What keeps hotel marketers up at night….
It’s not creepy goblins, ghosts lurking in the corners or even unexplainable paranormal activity.
It takes more than just spooky happenstance to strike fear in the hearts of hotel revenue managers and marketers.
This Halloween, we surveyed hotel marketing professionals across the country, from properties of all sizes, asking them what keeps them up at night.
This is what they had to say:
1. The End of Rate Parity
This summer, France led a long-awaited shift by striking down rate parity. Their belief was that hoteliers could only compete by charging whatever they choose, differentiating their hotel product and undercutting the OTAs. While on the surface that may seem like something to celebrate, many hotel marketers fear the unknown.
After all, for years rate parity has been the de facto law of the land. Now, with their newfound ability to discount their direct pricing, they’re nervous it won’t be the magic bullet they had believed it to be. There are other reasons why OTA’s have been raking in business while hoteliers struggled to drive direct business, including OTA’s massive budgets and advanced digital technology that have enabled them to overpower the efforts of individual hotel marketers. The end of rate parity would shine a light on problems such as these.
2. Dwindling Margins
Expensive 3rd party revenue sources continue to take a bigger cut out of each booking, leaving hotels with less and less at the end of the day. This continued margin erosion is irritating and confounding hotel owners and asset managers, who are expecting to see richer margins as a result of the current all-time high rates and occupancy. It is up to hotel marketing leaders to explain this unbalanced discrepancy.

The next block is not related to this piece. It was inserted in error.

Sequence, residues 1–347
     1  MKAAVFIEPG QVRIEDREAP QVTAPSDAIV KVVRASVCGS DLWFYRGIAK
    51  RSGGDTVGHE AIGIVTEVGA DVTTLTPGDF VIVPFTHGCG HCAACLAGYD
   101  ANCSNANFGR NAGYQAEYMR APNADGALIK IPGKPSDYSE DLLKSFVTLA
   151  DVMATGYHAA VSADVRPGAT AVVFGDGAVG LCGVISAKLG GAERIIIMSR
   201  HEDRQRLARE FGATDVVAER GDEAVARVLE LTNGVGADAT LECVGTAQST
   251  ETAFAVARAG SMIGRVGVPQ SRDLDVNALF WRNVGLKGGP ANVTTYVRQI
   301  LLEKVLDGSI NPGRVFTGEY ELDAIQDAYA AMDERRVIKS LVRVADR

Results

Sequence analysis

Whoever thought that a traveler would prefer to spend the night in a stranger’s house instead of a clean, secure and pristine hotel? The sharing economy has indeed disrupted the hotel industry with its appeal of authentic “live with a local” experiences, stealing hundreds of thousands of hotel room nights in the process. What first started off as a cheap and ingenious alternative for budget travelers, Airbnb has since grown into a global booking phenomenon that attracts a vast range of guests – from couples to families and even business travelers. Plus, they’re on track to outpace the world’s largest hotel companies within a few years. Hotels are responding by localizing their own offerings and rebranding their hotels as locally inspired social hubs where guests can experience a poignant sense of place.
4. Job Security
Hotel marketers are expected to do more, know more and act faster than ever before, and there is no shortage of pressure from hotel owners to do so. Turnover among senior hotel marketing leaders is at an all-time high with an average job lifespan of 25 months. Owners want better results in a shorter amount of time, while hotel marketers are stuck having to master a tidal wave of new technology seemingly every few months. This leaves hotel marketing teams flustered, behind the trends and overwhelmed with numerous marketing channels.
5. Insufficient budgets
The advent of endless new digital marketing channels gives the impression that brilliant marketing can come from even the smallest of budgets. Meanwhile, hotel owners are raising goals and revenue targets, believing that today’s plethora of marketing options means free or cheap ways to reach their target audience.
Tambourine uses technology and creativity to increase revenue for hotels and destinations worldwide. The firm, now in its 33rd year, is located in New York City and Fort Lauderdale. Please visit: www.Tambourine.com